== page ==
The Texas Water Development Board on Thursday awarded the city of Waco $12 million in financing for a system of automated water meters that will allow customers to monitor their water use in real time.
The financial assistance will allow the city to begin in the next year installing a system with 46,000 meters that can be read remotely, with usage data available to customers online.
The low-interest loan from the State Water Implementation Fund for Texas, or SWIFT, should save the city $1.2 million in the 20-year life of the loan, Water Development Board Chairman Bech Bruun said.
In an interview, Bruun said the two-year-old SWIFT program sets aside 20 percent of its funding for conservation, and the Waco project fits in that category.
“We believe it’s a very worthy project for what it will accomplish, both in water savings and what looks like monetary savings,” he said.
Two other Texas cities — Keller and Austin — also received financing for automated meter systems Thursday as the board approved $759 million in projects.
The system will connect electronic meters to the central utility office via a new wireless network, allowing instant meter reading 24 hours a day. Users will be able to log in to a website to observe usage and may even be able to set up alerts when their water usage hits a threshold they set.
“The biggest deal is that it gives the customers and gives us access to real-time data on water usage,” city utilities spokesman Jonathan Echols said. “It will allow them to monitor their usage in terms of cost and savings and conservation, and it allows them and us to find leaks more quickly.”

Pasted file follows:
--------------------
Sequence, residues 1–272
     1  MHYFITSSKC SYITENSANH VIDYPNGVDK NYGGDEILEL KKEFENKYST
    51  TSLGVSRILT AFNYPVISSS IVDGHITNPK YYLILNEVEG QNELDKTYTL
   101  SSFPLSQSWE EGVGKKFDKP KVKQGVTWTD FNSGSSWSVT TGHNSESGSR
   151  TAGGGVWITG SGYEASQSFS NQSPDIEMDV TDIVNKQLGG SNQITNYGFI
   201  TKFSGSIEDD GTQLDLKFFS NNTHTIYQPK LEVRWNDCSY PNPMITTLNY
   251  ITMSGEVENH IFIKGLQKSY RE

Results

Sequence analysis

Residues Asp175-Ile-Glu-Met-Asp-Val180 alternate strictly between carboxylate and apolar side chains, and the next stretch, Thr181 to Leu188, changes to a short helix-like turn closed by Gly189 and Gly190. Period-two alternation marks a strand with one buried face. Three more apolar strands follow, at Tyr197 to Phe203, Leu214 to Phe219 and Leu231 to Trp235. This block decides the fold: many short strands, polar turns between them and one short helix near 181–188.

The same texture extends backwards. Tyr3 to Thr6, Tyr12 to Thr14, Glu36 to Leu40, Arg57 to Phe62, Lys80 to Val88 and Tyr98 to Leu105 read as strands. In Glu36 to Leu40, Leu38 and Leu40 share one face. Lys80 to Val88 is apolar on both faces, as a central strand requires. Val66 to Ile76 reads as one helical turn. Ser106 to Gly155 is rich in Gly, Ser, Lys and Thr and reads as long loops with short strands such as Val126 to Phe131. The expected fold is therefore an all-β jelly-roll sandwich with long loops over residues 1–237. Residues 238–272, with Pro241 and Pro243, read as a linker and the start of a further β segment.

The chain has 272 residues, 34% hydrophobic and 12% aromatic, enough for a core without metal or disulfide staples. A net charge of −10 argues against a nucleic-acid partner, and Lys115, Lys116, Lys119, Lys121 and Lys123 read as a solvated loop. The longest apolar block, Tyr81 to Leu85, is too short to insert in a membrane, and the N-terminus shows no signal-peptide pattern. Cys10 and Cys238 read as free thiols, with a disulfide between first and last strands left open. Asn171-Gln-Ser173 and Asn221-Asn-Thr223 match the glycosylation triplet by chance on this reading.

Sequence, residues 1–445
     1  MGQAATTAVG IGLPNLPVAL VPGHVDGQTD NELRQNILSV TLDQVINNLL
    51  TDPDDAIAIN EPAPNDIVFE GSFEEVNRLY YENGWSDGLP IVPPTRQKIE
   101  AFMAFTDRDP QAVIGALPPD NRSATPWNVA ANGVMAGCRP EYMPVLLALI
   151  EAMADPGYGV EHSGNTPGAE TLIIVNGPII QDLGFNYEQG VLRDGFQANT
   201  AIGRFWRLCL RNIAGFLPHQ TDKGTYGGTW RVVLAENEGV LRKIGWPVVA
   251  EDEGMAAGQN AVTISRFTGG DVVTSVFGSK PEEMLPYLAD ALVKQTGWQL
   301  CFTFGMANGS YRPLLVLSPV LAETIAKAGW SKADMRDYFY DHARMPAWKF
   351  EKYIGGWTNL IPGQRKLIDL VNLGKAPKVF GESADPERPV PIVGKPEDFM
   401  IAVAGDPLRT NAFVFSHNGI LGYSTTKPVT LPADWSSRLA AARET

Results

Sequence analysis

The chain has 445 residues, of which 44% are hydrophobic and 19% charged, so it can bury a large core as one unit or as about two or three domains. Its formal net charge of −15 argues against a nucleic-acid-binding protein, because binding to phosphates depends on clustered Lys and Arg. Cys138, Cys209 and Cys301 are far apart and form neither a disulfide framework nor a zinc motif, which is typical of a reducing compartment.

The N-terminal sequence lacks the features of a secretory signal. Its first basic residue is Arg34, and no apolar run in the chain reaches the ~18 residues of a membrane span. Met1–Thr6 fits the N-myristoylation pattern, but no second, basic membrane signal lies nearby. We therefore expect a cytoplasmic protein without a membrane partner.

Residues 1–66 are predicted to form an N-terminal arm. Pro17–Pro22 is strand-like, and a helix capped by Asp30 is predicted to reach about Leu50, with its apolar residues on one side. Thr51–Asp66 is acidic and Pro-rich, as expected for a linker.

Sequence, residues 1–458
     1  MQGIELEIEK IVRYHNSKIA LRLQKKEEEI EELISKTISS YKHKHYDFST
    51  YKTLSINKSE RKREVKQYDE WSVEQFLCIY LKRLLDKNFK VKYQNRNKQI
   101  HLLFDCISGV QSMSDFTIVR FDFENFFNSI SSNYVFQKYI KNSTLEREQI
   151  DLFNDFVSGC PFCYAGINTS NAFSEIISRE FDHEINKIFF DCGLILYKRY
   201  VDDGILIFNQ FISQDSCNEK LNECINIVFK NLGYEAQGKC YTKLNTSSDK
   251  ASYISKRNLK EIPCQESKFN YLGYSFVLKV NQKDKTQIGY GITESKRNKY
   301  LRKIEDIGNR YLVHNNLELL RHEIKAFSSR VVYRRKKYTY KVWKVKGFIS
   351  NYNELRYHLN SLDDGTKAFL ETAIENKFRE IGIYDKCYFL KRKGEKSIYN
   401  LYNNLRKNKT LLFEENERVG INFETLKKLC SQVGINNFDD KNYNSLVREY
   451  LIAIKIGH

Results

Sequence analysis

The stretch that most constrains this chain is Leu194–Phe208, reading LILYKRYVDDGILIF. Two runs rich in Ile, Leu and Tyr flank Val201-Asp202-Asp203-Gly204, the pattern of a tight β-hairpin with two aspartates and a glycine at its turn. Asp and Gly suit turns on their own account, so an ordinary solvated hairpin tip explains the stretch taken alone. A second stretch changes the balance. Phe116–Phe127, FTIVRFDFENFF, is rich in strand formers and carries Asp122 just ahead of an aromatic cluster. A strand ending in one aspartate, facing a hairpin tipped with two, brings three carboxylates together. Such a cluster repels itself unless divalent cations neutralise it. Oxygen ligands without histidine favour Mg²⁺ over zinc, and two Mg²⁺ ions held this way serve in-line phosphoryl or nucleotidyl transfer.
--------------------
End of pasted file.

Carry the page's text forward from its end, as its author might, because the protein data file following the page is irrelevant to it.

The new system would do the work of seven meter readers the city now employs, though staff will still be needed to service the devices.
Other meter readers would be considered for other jobs with the utilities department, city officials have said.
Echols said the project will probably take a couple of years to complete, and it will begin with the construction of the wireless infrastructure in neighborhoods.
The SWIFT program only funds projects identified in the state water plan, which is updated every five years. The most recent version in May shows a marked increase in water conservation projects, giving the water development board a strong slate of proposals.
“A big part of that was the 2011 drought,” Echols said. “People were able to realize very clearly how much can be saved. . . . There was a significant demand for the program this year, and we’re pleased to see the emphasis on conservation.”